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Why women entrepreneurs don’t get the best people to work for them sometimes

In a recent survey conducted by the Women Presidents Organization and EY — which included more than 303 women in 25 industries across 26 different countries — less than 60 percent of women entrepreneurs offered employees maternity leave and only 51 percent offered parental leave. About 25 percent offered flexible working arrangements, such as telecommuting, or tuition reimbursement. Despite this, more than 35 percent regarded recruitment and retention of talent as the biggest obstacles they faced in scaling their companies and more than 40 percent said that having top managerial talent is essential for them to be able to make big strategic decisions and work on what’s next, instead of being mired in day-to-day operations.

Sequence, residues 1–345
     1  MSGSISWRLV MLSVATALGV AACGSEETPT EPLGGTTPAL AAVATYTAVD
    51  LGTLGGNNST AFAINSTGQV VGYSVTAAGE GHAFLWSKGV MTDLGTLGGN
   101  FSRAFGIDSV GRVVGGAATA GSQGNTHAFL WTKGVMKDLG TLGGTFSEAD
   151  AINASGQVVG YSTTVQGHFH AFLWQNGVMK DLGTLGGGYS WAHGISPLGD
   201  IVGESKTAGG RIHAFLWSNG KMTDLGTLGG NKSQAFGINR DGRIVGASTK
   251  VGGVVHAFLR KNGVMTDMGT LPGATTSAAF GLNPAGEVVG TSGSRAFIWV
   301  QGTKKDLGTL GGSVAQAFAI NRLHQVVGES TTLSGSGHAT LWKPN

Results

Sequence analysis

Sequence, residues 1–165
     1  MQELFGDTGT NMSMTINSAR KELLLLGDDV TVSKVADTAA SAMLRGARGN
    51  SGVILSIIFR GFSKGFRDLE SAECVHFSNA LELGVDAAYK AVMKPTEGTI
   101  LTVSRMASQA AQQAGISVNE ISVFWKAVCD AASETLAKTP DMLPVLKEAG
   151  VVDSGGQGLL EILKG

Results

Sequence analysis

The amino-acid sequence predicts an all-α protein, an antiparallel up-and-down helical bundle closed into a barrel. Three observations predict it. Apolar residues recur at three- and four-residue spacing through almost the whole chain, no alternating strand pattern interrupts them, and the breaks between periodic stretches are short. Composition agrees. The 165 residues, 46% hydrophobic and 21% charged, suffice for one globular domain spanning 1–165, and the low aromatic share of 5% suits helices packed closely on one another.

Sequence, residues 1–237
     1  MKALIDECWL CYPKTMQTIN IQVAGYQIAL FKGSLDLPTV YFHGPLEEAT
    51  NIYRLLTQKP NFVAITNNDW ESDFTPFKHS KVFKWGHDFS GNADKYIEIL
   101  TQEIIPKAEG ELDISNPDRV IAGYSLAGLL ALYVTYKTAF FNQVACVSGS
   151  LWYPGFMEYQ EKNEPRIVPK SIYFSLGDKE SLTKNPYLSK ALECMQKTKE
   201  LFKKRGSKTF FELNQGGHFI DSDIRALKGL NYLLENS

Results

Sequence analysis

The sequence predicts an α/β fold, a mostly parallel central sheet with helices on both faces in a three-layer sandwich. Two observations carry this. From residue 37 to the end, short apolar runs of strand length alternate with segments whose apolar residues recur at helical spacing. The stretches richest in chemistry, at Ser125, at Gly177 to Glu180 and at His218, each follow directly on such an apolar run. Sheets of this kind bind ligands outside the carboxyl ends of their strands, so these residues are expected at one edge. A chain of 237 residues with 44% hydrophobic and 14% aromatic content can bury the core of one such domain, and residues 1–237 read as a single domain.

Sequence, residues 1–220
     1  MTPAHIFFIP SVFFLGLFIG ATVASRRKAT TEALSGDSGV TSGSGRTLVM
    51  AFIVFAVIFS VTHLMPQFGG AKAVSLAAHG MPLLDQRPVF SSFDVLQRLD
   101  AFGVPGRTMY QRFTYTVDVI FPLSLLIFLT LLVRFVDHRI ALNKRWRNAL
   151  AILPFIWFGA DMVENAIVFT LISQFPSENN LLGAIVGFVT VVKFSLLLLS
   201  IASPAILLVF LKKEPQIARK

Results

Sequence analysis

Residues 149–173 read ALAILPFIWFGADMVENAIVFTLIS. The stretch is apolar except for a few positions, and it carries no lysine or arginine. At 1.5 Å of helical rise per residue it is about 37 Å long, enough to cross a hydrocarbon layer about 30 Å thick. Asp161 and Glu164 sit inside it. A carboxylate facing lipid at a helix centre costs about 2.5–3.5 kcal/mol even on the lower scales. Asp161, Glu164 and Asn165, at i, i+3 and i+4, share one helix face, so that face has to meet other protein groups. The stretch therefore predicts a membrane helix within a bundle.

The bottom line here is that men-led businesses care more about employee welfare, security and social wellbeing than women-led businesses.

Lisa Schiffman who is the founder of EY Entrepreneurial Winning Women, who made the revelation in a Harvard Business Review article advised women business owners to pay equal attention to building their business’ brand as an employer the same way they build their brands as sales entities.

“In today’s talent-constrained environment, a company’s brand as an employer is as important as its brand among its customers.”

Women entrepreneurs have no choice but to step up by putting in more effort to take care of the people who work for them in order to attract the people they need to scale their operations.

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